Last Friday, several news outlets reported that a study of a cancer drug combination cocktail showed it didn’t help melanoma patients live any longer, when compared to using one of the drugs alone.
Specifically, the study was examining if adding an experimental drug known as epacadostat would boost the effectiveness of the checkpoint inhibitor drug Keytruda (pembrolizumab), which is already approved and in use for some advanced melanoma patients.
In STAT, the disappointing news was framed as a “big setback” for Incyte, epacadostat’s drugmaker, noting that “the trial results could also ripple across the fledgling cancer immunotherapy field and the biotech stock sector.”
But in August of last year, STAT was singing a different tune about epacadostat. Although the older story is behind a pay wall, we are told in one headline and two paragraphs that the latest round of data “looks promising” and “match or exceed investor expectations.”
STAT was not alone in promoting this framing — the Philadelphia Inquirer headline had a similar angle on the study’s “promising” results. The website CureToday described the findings as a possible “paradigm shifting change” in melanoma treatment.
Occasionally news outlets follow up the breaking news with more thoughtful reporting. For example, after its August story, a few days later STAT published a more critical look at the lack of data.
Yet that deep dive doesn’t happen enough. Instead we get mostly whiplash reporting that lacks the context needed to help patients make sense of their health care options.
Vinay Prasad, MD
Oncologist Vinay Prasad, MD tweeted a series of points about why this latest trial exemplifies how early hype fails not just investors, but patients, too.
For our readers not well-versed in clinical trial jargon, here’s a basic translation of what he conveys in his tweets:
First, the drug company releases incomplete information about an early-stage trial. News outlets (of all kinds) mostly regurgitate the company’s talking points, and often end up overstating the evidence; for example, making the experimental drug sound effective, when the study was only designed to test for safety.
First, look at how we publicize early reports that are unsuited for drawing claims of efficacy pic.twitter.com/Bg7Wcnq0FP
— Vinay Prasad (@VinayPrasadMD) April 6, 2018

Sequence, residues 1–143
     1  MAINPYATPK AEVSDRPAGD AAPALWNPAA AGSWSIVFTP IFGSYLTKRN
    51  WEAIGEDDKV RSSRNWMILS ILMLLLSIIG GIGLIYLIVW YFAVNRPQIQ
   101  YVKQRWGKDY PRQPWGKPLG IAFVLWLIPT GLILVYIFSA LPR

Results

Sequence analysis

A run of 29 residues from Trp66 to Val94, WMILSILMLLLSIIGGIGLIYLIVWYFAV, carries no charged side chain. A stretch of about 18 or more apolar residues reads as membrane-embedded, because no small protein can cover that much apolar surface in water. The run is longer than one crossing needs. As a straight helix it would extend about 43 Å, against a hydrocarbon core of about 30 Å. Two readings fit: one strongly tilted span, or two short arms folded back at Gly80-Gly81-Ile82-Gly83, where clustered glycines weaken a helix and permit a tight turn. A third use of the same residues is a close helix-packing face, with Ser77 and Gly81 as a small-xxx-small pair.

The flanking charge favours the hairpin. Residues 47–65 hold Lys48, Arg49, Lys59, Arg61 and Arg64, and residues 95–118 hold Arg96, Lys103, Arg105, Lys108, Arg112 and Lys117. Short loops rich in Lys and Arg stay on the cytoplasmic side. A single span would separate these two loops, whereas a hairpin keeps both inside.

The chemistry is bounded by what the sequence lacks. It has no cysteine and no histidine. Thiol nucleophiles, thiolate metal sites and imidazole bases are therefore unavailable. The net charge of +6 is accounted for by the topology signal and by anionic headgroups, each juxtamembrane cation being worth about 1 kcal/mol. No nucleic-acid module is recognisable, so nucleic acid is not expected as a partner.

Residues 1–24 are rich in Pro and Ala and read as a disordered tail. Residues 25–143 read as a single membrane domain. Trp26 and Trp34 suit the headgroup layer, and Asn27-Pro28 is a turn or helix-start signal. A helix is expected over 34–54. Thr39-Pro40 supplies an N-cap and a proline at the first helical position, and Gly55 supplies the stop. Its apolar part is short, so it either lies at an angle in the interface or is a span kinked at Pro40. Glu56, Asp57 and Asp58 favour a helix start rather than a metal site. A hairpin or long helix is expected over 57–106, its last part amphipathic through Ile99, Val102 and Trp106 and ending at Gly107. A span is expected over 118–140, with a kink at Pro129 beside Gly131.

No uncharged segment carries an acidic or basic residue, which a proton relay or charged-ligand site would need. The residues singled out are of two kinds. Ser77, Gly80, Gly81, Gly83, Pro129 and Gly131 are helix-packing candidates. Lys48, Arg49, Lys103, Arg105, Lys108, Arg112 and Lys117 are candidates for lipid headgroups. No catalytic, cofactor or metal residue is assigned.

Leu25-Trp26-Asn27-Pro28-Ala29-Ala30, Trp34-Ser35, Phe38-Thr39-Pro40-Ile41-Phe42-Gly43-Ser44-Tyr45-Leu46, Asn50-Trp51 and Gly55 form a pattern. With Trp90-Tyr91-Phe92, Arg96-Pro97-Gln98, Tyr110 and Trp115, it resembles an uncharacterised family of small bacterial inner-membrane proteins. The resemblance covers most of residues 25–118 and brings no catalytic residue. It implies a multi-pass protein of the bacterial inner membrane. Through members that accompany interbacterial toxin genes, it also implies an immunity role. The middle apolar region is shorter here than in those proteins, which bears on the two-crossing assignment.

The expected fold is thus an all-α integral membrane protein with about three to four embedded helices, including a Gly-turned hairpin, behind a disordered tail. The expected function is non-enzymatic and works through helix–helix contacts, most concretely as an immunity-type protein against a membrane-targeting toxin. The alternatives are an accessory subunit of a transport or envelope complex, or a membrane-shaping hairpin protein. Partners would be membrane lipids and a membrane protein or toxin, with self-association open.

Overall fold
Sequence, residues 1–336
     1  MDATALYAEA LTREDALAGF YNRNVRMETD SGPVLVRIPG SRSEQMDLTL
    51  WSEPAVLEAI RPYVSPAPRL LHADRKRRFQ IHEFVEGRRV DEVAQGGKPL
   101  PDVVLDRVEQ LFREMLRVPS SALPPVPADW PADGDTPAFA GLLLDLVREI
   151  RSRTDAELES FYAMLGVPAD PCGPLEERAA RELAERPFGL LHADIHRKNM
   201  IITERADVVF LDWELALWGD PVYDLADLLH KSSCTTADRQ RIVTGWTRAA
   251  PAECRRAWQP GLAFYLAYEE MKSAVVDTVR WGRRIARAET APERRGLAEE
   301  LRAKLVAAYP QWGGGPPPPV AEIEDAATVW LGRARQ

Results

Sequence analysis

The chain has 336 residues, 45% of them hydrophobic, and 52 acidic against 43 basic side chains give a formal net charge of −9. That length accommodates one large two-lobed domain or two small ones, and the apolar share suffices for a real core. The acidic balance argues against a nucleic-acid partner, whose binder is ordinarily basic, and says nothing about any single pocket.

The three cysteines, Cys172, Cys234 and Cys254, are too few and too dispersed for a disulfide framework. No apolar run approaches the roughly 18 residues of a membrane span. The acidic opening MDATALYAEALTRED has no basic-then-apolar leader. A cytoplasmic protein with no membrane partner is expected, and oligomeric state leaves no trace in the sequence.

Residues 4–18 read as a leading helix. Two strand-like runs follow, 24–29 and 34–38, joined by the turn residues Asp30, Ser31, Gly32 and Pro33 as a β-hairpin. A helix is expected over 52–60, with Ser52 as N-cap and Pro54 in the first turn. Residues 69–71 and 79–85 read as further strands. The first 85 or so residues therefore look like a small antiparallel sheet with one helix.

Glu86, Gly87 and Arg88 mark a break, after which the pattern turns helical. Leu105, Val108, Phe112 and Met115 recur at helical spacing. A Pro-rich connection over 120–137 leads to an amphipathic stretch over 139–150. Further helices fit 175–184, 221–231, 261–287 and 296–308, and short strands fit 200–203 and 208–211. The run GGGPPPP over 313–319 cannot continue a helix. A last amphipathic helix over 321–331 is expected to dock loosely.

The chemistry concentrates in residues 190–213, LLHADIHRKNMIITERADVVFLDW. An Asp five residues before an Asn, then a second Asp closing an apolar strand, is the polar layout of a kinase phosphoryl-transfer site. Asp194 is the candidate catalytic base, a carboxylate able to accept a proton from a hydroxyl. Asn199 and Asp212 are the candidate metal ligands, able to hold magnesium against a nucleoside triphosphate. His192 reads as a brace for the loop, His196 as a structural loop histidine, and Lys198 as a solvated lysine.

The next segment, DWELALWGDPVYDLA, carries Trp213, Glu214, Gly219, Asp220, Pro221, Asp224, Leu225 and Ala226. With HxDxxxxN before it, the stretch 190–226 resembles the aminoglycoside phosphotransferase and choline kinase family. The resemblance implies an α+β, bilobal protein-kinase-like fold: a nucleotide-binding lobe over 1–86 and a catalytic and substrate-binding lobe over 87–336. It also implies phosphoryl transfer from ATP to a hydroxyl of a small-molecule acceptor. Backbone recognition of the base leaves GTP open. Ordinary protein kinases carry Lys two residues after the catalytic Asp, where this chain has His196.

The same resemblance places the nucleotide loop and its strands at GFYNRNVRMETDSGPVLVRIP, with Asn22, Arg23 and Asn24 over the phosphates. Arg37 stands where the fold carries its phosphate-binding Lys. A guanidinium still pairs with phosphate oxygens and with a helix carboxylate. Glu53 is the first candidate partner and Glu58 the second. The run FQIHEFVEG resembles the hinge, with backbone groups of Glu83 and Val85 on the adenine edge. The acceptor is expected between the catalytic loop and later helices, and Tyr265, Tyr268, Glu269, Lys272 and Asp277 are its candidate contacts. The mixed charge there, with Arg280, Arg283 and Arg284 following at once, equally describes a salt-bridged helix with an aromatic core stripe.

Second, prominent thought leaders–in this case, cancer doctors–read these early reports and offer up opinions that only add to the hype, overlooking the fact that the drug has never been proven to help when used by itself (known as “single-agent activity).
Third, the drug manufacturer, Incyte, pushes out a fancy video that Prasad says is “totally misleading:”
“These videos are highly misleading to patients, as they make it seem we have fully understood pathophysiology, when we have not,” he said in a tweet.
Patient engagement advocate and cancer survivor Dave deBronkart felt similarly.
“How is this not fraud?” he said of the videos. “How is it not equivalent to a real estate developer claiming a development exists, using a fake video?
The next step is when biologists and biotech stock market analysts start weighing in, predicting the usefulness (and investor appeal) of the drug combination, even when there are plenty of warning signs that it won’t work.
Cancer drugs can easily cost $150,000 a year, so, in spite of these warnings, the drug company finally moves forward with a big trial of patients. The study is randomized and controlled for all the variables that haven’t been well-tested so far–like effectiveness.
And boom–we get news just like Friday’s news: The much-hyped drug combo doesn’t work.
“It is always sad for patients to have drug failures, and I hoped this succeeded for my patients’ sake; but we must remember never to let hype get in the way of evidence,” Prasad said.
We couldn’t agree more. For help on sorting through the hype, see our 10 review criteria.